In Conversation with: Vipender Mann, Co-Founder & Senior Partner at KNM & Partners, Law Offices

This interview has been published by Prabhjot Singh, Priyanka Karwa and The SuperLawyer Team

Tell us about yourself-what motivated you to choose law as a career path.

My roots are in the countryside and the farming community. My parents both worked for the government, so my family and I moved to the city of Karnal, Haryana where I attended school and eventually went to college, even though our hometown was only six kilometres away from our village. Due to our proximity to the village, we felt a strong sense of belonging to our heritage.

When it comes to school and college, I’ve done about as well as average. However, my life experiences are quite varied. While in college, I joined the National Cadet Corps. (NCC). For my flight training, I went to the Karnal Aviation Club in Haryana, India. In Rajasthan, India, I assisted my brother in turning around a failing emery powder production facility.

By riding around in a truck my brother owned, I got a taste of what it’s like to be a truck driver and learned about the ins and outs of the transportation industry and the difficulties truck drivers face.

Due to my insatiable curiosity and desire to broaden my skill set, I decided to pursue a career in law school. In the field of law, you can expect to expand your knowledge every day. In 1998, I began practicing law in Delhi, India.

Do you think being a Non-NLU student creates several obstacles in one’s professional life? If yes, how can one overcome that to build oneself in the industry?

Whether we like it or not, branding plays a significant role in every aspect of our lives. A non-NLU student may find it more difficult to break into the legal profession, either by being hired by a prestigious firm or given a position in the chamber of a well-known senior advocate.

However, that is only significant in the very early stages. These days, one can find many excellent job prospects among the many law firms and attorneys. Each law student, in my opinion, should make the most of his or her time in school by participating in as many internships as possible. It’s important that internships offer a wide range of experiences to their participants.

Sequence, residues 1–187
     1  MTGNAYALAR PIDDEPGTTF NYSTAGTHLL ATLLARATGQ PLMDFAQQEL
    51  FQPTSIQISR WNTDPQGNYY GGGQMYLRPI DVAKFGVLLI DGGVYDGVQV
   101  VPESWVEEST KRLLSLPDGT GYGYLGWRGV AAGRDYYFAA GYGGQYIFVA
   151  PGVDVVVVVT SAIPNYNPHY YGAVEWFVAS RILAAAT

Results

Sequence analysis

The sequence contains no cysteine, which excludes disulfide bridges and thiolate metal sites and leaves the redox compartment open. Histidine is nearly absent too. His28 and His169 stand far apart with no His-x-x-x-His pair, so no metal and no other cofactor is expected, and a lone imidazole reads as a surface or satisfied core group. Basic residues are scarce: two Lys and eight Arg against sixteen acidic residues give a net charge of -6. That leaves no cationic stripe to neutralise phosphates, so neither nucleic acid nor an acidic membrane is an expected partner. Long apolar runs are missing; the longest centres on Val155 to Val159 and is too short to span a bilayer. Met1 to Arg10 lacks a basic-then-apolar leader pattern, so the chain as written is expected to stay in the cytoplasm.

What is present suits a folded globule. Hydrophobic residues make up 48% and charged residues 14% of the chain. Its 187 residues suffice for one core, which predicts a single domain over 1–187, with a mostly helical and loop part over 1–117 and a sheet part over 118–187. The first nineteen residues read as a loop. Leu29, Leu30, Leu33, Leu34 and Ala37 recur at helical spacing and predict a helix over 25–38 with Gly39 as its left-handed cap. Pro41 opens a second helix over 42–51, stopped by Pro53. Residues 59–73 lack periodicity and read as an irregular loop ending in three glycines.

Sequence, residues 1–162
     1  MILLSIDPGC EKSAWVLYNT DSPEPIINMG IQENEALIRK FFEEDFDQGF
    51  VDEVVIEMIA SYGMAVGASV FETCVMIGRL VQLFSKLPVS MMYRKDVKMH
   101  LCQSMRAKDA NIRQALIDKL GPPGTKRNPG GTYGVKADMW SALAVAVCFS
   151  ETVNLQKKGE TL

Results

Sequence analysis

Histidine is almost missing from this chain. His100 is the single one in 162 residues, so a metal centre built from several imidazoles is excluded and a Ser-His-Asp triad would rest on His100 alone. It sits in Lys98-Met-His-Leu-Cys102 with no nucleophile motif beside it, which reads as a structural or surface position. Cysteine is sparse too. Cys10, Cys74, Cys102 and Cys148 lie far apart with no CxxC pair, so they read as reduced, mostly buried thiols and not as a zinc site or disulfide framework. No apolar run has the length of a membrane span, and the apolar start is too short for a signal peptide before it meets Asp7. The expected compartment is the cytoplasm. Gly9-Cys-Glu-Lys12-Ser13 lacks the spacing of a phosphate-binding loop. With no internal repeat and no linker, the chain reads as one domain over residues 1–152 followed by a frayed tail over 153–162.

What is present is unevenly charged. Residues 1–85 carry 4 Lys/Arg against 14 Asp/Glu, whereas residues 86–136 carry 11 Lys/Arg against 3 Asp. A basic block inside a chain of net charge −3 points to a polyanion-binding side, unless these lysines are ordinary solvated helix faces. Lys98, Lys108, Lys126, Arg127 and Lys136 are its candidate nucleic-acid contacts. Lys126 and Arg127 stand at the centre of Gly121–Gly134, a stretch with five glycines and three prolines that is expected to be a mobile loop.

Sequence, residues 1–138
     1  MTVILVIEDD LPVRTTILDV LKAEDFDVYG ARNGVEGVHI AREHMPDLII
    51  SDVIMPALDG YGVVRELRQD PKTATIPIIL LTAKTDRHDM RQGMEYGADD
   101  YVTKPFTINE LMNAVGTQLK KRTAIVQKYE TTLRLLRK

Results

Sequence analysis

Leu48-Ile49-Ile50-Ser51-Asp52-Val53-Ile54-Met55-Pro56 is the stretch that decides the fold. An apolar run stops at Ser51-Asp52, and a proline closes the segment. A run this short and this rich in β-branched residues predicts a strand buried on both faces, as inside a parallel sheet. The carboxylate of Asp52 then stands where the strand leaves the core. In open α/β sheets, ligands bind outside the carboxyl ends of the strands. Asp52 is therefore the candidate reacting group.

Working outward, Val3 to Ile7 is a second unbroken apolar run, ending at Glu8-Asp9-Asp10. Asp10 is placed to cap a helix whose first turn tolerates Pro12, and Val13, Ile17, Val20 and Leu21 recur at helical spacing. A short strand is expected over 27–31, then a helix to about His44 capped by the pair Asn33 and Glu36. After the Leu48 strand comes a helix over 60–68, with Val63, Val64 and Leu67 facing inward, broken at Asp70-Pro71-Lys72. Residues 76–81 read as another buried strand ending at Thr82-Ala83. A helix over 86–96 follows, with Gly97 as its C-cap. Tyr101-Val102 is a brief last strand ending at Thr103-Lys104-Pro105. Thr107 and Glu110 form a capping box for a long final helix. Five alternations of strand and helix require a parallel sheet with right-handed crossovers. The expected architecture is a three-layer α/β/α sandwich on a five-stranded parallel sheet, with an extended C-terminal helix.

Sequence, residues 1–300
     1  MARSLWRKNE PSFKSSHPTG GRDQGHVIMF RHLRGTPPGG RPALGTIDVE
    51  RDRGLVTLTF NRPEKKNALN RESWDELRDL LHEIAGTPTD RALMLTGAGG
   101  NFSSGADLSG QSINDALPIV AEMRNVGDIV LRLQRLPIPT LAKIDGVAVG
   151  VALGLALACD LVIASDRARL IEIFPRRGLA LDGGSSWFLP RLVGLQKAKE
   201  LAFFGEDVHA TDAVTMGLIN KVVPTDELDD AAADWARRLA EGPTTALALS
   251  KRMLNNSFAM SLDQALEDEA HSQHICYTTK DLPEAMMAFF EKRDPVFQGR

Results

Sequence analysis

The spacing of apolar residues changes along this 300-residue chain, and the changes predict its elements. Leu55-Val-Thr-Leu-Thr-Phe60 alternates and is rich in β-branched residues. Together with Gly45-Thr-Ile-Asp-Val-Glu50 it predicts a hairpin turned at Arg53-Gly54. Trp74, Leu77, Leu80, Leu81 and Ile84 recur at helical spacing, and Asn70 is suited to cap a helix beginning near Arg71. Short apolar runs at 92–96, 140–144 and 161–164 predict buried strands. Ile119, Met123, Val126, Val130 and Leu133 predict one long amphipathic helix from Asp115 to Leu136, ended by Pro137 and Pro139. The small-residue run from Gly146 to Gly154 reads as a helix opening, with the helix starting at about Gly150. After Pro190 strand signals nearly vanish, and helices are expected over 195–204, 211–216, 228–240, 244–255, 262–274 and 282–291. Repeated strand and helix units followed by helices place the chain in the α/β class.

The district court, the high court, the supreme court, the tribunals, the forensic laboratories, in-house departments, central/state govt. legal departments, pro bono/NGO etc. This variety will increase one’s horizons, education, and self-assurance.

A lawyer ought to be well-rounded, with broad knowledge and deep expertise in specific areas. Experiences in the real world are the best teacher, and the more you gain from them, the more you can apply to your career. When someone needs legal advice, they automatically put their lawyer on a higher tier.

Therefore, it is essential that he is well-versed in more than just the law. To put it another way, law students attending schools other than National Law Universities should focus on developing their own personal brands in order to compete with NLU.

How has your experience been working with mid-sized firms and MNCs? What do you consider matters when it comes to having the right skill set for working with MNCs?

Since multinationals usually only go to large law firms for complex legal matters, working with them can be challenging. It’s not that smaller or medium-sized businesses can’t handle legal matters; rather, they can point to their decision to hire a large law firm as proof that they did everything possible to secure a favourable outcome for the company in the event of a legal dispute.

In-house attorneys I’ve worked with have trusted me with their personal lives, but they’re hesitant to refer me high-stakes cases because they don’t want to be held responsible if we lose. In spite of this, a law firm of medium size still has room for making a significant impact.

Even though they may be outnumbered by larger firms in some practice areas, small and medium-sized law firms can stand out in their own right. As an example, we have been collaborating with a number of multinational corporations on a wide range of projects, from the mundane to the highly complex.

M & A deals have boomed in these 2-3 years; what would be some of the challenges for legal professionals to deal with such transactions? And how do you cope with the same presently?